With the closing of the latest acquisition, the county and city will now own the beach at Bertram Lake and the 12-acre parcel where the YMCA intends to build its new Day Camp Manitou. The YMCA will operate Camp Manitou on the county and city property through the end of the 2014 season and will transition over to their new camp for the 2015 season. The county and city will look into the options for opening the beach to the public after day camp hours. There are many issues that need to be resolved prior to opening the beach; therefore, it is assumed the public opening of the beach will commence in 2015. Furthermore, the city has secured grant funding to begin Phase I of the Athletic Complex sometime in 2015.
Minnesota Off-Road Cyclists (MORC) will continue building the single track mountain bike trails in the park this summer. Currently MORC volunteers are working to reroute and rebuild a 10-mile mountain bike loop open to non-motorized use; however, it is expected that the trails will grow to 14 miles. MORC volunteers work on the trails in the park on Wednesday evenings through the summer. Bertram Chain of Lakes Regional Park is the one place in Wright County that offers mountain biking. The trails are signed and bikers are encouraged to test out the trails. The topography is fun to ride and there are a lot of great switches, so there can be challenging parts!
Once Bertram reaches its planned 1,050 land acres (1,200 acres including water bodies), it will become the largest regional park in Wright County!
Thanks to the hundreds of folks who came out for the
1st Annual Monticello Winter Block Party
Friends of Bertram Snow Sculpting Event!
Although it was a bit chilly, there were four snow sculptures carved on the front lawn of the Community Center and lots of warm conversation and fun inside the building.
Snow sculptures were judged with cash prizes going to
1st, 2nd and 3rd place winners!
Kids snowman building contest winner received an
MCC Gift Card and Certificate!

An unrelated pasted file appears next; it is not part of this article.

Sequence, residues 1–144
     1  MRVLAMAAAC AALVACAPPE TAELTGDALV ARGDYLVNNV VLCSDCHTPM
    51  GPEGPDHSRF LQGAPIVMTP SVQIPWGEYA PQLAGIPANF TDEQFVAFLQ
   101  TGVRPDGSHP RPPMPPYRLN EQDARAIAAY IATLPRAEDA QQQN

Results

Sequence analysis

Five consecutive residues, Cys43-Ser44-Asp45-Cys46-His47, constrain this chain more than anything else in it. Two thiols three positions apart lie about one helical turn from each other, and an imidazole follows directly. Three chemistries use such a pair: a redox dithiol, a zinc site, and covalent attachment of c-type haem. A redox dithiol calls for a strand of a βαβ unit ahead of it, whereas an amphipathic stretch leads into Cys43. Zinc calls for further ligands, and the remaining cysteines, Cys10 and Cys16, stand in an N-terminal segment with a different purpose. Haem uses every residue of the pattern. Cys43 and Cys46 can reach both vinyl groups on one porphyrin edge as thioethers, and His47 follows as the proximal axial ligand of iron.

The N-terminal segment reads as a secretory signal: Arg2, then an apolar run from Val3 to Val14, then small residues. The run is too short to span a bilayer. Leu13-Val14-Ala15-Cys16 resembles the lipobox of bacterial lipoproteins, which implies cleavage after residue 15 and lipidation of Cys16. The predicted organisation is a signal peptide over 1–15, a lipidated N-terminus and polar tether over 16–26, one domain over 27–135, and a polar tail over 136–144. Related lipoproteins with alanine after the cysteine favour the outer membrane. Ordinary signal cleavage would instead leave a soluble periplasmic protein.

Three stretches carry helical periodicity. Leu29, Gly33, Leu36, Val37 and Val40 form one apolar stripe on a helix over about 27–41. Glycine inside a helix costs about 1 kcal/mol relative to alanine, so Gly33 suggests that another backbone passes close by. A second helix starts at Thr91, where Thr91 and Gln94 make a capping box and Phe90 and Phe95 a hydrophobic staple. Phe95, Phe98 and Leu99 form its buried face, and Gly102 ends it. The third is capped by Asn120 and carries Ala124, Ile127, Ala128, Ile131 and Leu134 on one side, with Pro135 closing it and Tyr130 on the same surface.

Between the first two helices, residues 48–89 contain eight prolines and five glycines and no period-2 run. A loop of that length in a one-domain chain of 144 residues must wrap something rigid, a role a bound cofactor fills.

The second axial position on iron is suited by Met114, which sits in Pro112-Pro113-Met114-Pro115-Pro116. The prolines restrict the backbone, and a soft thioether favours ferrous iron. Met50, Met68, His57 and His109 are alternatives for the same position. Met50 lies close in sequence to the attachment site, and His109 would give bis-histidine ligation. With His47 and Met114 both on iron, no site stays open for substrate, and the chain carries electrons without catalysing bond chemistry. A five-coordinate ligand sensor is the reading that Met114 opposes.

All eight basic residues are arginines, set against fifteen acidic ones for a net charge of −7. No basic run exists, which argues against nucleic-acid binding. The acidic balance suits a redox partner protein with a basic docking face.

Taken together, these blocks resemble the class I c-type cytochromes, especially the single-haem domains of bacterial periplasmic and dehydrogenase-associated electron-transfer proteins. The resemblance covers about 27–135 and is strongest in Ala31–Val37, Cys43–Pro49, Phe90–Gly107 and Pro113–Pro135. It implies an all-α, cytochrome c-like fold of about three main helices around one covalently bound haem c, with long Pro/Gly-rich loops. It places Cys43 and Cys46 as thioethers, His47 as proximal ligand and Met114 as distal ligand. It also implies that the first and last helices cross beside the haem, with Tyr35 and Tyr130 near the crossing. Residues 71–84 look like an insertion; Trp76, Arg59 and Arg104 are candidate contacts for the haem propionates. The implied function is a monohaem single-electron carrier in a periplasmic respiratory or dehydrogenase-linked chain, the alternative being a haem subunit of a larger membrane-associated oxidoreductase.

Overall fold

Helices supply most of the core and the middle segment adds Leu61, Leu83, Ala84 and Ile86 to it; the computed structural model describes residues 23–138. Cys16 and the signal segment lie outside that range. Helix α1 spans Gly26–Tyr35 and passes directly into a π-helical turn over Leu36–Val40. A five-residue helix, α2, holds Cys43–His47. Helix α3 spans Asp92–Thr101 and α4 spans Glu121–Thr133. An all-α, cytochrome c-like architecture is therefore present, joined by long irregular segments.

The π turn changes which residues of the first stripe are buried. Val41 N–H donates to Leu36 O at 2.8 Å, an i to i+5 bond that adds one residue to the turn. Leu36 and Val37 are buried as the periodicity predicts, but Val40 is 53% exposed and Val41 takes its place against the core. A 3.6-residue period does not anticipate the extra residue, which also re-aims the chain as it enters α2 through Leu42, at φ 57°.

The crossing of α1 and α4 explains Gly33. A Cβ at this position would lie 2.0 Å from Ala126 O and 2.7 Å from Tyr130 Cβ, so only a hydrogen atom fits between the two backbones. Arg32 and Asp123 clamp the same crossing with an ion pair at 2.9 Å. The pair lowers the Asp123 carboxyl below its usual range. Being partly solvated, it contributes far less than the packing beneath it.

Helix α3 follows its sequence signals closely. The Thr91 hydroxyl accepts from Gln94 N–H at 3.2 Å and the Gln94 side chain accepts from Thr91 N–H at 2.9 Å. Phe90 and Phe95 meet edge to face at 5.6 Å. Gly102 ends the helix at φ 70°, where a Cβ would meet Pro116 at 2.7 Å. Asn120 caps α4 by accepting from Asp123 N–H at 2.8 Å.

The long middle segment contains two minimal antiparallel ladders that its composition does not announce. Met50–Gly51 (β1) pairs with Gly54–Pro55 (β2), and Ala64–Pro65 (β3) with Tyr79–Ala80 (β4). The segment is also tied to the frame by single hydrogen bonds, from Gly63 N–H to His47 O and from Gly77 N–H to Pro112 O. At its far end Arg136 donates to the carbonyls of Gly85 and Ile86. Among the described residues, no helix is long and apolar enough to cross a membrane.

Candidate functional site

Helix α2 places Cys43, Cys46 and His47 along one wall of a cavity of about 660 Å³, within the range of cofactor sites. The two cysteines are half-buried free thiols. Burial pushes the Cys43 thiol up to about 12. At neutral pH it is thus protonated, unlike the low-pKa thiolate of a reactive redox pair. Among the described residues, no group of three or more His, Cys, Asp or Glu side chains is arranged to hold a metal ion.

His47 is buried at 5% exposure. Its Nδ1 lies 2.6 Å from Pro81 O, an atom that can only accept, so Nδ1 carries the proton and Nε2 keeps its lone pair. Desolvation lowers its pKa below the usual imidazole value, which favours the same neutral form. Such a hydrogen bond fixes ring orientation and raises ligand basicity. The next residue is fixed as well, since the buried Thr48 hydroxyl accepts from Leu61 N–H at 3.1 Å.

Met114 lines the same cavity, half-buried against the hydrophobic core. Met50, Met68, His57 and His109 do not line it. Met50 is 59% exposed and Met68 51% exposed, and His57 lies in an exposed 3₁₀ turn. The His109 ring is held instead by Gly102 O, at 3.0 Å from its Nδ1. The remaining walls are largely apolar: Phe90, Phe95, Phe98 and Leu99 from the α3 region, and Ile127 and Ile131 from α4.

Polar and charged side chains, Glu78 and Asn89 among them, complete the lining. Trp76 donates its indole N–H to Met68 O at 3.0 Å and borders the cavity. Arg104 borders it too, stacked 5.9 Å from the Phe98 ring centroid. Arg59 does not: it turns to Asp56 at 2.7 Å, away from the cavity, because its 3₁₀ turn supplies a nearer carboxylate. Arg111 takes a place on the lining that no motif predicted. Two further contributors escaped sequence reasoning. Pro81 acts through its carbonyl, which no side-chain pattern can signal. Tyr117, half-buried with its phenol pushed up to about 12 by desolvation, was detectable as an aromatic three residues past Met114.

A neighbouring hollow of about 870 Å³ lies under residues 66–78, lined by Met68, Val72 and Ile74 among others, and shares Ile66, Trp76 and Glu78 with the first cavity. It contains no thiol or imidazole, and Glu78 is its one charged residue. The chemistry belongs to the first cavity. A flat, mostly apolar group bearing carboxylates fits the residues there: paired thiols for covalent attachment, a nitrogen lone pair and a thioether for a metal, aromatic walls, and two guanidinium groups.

This was a great event for introducing and updating the Monticello Community on the growing park and its activities.
Hope to see you next year!
The YMCA’s interest in the Bertram Chain of Lakes land first came from donations/purchases by the Lehigh Cement company which owned land on the east side of the lakes, including First Lake.
During the next 15 years (from 1952-1967) neighboring farms were bought up as they began to cease operations. Most of these farms were small one-family operations of dairy, small grain, sheep and cattle and provided a life for these families for almost 100+ years (from 1850-1950+).
These farms were purchased one at a time until the current land area of the Bertram Chain of Lakes was created. All together there are nine (9) farmsteads that can be located on the land, several of which have old foundations and other remains to show where they were.
In the future when all of the land has been purchased and the entire natural area of the park is open to the public, these farmsteads will be marked showing the last two farmers/owners of the land.
Several of these farms produced some specialty crops:
- The corner of Briarwood & 90th Street (horse pasture) was originally a field where sheep were raised for many years. They produced wool, mutton & chops.
- Inside the south entrance and just southeast of the parking lot was the site of a very specific crop; this was the site of a mink farm. The pelts of the mink were used for coats and stoles. Changing attitudes led to its demise.
- Rumor has it that there was a celery farm located near Long Lake but the specific location has not been found.
- Of course,m the YMCA used the land to farm Christmas trees for sale in the cities. Several of the areas are still in existence today but will be redone in the future.
We must be sure to remember and celebrate these early stewards of the land!